The Soviet Union has acknowledged that it has in custody a San Francisco man who wandered across the U. S.-Soviet border on the Bering Sea ice pack last week, a U. S. Senate aide said Thursday.
The Soviets said John Weymouth is in good health, and will be released at Little Diomede Island next week, said Steve Hansen in the Washington office of Sen. Frank Murkowski of Alaska.
Weymouth, 33, dubbed by Alaska villagers as “The Wanderer” for his hikes across Alaska, strolled away from Little Diomede on April 2, heading west toward the Soviets’ Big Diomede Island.
‘None of Your Business’
“He was confronted by these villages and asked where he was going. He said ‘None of your business,’ and kept walking toward Big Diomede,” 1st Sgt. Tim Litera, an Alaska State Trooper in Nome, said earlier this month.
Villagers in Little Diomede reported hearing explosions and gunfire on the bigger island after Weymouth’s departure.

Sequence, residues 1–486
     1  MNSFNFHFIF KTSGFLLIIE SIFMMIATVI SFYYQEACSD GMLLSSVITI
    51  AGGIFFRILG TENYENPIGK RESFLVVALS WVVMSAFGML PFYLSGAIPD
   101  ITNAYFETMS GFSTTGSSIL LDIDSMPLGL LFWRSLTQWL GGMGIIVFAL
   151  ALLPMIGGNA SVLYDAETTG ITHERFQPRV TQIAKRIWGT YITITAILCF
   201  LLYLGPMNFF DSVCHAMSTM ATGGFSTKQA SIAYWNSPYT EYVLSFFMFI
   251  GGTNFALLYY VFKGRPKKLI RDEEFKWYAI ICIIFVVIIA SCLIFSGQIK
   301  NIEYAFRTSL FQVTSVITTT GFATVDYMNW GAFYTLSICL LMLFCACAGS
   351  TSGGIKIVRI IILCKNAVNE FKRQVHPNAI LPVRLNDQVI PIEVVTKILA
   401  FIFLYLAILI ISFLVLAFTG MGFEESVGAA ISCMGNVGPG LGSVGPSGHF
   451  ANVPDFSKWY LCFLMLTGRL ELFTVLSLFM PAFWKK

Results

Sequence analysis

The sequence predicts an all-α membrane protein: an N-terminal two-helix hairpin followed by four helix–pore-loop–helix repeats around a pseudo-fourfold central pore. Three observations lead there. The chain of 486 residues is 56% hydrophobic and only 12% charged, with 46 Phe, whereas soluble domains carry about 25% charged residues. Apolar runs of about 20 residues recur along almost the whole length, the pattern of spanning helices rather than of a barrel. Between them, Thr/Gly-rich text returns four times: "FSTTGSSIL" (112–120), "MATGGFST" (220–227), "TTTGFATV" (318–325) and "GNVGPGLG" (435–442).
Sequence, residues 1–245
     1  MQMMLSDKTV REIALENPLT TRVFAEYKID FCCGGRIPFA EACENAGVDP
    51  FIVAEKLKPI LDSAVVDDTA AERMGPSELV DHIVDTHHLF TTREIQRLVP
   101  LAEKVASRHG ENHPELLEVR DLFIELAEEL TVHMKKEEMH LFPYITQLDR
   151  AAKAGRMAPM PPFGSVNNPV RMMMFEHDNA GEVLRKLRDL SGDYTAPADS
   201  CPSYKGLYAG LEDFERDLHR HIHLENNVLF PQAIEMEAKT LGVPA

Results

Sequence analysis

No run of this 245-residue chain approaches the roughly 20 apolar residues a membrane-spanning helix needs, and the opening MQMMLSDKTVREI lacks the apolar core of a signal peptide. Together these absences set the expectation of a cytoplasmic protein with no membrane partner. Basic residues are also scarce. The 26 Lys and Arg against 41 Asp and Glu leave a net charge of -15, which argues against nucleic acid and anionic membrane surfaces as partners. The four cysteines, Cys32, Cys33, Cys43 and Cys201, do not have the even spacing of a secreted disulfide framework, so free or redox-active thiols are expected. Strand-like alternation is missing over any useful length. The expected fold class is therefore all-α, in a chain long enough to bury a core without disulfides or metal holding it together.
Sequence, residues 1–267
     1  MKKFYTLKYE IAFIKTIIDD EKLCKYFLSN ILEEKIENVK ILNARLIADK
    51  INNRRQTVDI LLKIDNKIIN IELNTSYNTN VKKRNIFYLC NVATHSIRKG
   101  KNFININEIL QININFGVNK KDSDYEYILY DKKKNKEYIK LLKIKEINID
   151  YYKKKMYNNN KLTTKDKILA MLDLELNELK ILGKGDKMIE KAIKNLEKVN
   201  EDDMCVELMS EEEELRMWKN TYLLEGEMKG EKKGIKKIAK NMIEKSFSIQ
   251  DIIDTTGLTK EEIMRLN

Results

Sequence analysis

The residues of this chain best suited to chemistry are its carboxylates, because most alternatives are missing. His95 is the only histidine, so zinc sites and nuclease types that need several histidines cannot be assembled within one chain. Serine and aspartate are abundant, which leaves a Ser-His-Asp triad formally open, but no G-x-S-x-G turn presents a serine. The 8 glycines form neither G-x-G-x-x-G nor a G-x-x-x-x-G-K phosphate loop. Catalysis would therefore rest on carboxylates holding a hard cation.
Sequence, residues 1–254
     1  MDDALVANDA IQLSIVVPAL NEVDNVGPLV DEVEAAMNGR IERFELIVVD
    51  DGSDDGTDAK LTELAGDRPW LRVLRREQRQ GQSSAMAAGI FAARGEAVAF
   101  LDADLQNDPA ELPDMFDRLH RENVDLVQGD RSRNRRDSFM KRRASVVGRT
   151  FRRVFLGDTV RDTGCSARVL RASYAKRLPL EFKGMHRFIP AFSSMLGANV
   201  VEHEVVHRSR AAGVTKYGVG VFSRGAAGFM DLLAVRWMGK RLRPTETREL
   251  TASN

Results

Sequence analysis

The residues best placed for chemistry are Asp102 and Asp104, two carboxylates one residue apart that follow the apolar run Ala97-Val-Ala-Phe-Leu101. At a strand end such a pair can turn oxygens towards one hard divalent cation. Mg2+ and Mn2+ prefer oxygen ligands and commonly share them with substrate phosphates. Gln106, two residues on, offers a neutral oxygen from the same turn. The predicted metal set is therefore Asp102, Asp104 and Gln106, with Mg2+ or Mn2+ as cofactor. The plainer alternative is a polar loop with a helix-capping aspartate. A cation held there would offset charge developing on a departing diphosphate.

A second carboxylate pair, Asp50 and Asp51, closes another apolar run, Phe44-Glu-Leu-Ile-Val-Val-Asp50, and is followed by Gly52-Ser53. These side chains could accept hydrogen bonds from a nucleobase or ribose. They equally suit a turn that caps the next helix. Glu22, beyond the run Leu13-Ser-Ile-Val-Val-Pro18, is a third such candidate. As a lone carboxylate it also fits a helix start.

The two islands, about three miles apart in the Bering Strait, are the closest land points between the United States and the Soviet Union.
Big Diomede has no civilian inhabitants but the Soviet Union keeps a military base there. Americans normally are forbidden to travel to the island.
The unexplained stroll capped a months-long odyssey down the Yukon River and across western Alaska by the reclusive young man, a nephew of San Francisco newspaper columnist Herb Caen and son of the late photographer Mason Weymouth.